Tuesday, May 06, 2014

Article Draft - It Seems The Computerised Heart Of The Australian Health System Is Dangerously Close To A Heart Attack.

During the last week of April - and just prior to what are expected to be some fairly significant budget cuts to the Health System (which will have been confirmed before you get to read this I strongly suspect) - we have seen some quite concerning news emerge regarding some computer systems which are crucial for the overall health system.
The systems I am talking about are those huge and complex systems that are operated by the Department of Human Services and which help support the doctor payments of Medicare billing, the systems supporting the PBS, Centrelink and possibly the PCEHR  as well as a range of registries covering such things is paediatric vaccination and so on.
The systems which are part of providing payments to doctors and pharmacists have become utterly critical to the cash flows and operations of these services. Loss of these systems for even quite brief periods of time may very well result in considerable disruption of these services.
As background parts of these core computer systems were initially installed in the mid-1980s and use IBM System 360 compatible mainframes. The software used to support these systems has been developed in a data-base tool called Model 204 (http://en.wikipedia.org/wiki/Model_204) which is written in IBM System 360 Assembler - the most basic of computer language for IBM mainframe computers. This software is even older having begun its useful life in 1972. It is fairly inflexible software but in part makes up for this by being very efficient in the processing of transactions - which is something that Centrelink / Medicare do vast numbers of daily processing payments and so on to millions of people. Why the age of both the hardware and software is important is that there are now vanishingly few people with the skills to maintain and update the software and hardware and fundamentally both are now well past their ‘use-by’ dates!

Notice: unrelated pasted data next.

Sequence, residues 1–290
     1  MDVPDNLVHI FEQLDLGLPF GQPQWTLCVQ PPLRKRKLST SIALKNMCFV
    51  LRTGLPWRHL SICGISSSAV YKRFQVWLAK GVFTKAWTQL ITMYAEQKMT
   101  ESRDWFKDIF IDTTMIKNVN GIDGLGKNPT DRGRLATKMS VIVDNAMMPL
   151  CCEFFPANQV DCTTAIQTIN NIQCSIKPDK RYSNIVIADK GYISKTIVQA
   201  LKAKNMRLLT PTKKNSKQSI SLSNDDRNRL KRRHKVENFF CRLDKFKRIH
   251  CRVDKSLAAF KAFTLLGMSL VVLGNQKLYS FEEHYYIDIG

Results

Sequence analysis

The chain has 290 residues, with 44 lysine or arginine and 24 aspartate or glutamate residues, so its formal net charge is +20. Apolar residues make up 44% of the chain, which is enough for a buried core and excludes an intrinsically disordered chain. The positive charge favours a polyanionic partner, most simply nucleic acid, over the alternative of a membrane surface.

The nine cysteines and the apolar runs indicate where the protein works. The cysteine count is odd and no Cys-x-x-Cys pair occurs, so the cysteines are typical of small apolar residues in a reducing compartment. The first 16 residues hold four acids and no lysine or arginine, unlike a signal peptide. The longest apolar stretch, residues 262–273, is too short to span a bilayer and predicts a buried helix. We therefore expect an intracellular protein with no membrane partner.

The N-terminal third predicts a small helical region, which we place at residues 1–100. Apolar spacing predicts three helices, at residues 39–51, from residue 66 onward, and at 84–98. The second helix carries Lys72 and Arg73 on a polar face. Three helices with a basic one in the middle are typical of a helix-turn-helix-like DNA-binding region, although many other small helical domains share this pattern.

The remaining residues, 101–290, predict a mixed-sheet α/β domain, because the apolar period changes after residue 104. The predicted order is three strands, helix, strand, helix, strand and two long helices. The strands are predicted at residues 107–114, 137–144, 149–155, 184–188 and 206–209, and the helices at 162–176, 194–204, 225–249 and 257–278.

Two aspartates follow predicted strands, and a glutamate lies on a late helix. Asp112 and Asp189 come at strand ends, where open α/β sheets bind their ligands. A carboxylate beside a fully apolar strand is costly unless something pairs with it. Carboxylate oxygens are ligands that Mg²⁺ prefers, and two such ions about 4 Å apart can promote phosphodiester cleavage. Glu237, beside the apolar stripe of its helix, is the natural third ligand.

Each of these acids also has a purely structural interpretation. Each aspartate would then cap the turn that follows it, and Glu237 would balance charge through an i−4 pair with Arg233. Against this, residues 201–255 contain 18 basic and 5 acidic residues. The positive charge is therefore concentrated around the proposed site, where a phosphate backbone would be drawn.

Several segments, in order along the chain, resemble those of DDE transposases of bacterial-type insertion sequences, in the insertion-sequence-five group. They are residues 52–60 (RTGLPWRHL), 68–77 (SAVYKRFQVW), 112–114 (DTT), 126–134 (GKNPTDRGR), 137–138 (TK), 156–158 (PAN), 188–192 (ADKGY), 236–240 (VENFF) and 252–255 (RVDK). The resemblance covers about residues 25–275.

Inevitably what happens with software systems of this age is that either they must be updated as requirements change - think MBS payment rates, legislative change and rules and Centrelink payment rules etc. - and inevitably the lack of flexibility and skills means all sorts of tricks and workarounds are developed to keep the system working. These ultimately  become so difficult and costly to maintain that, even if the old hardware can keep being maintained, a replacement needs to be planned and undertaken.
The scale is the issue was made clear by The Treasurer in late April, 2014.

Centrelink computer broken: Hockey

JOE Hockey has warned of a shock multi-billion-dollar hit to the budget to fix the 31-year-old Centrelink computer system, which is in “bad shape” and a drag on productivity that is holding back crucial policy change.
Human Services Minister Marise Payne said the system, based on 1980s technology, was also hampering the government’s efforts to cut red tape and shift Centrelink into the digital world.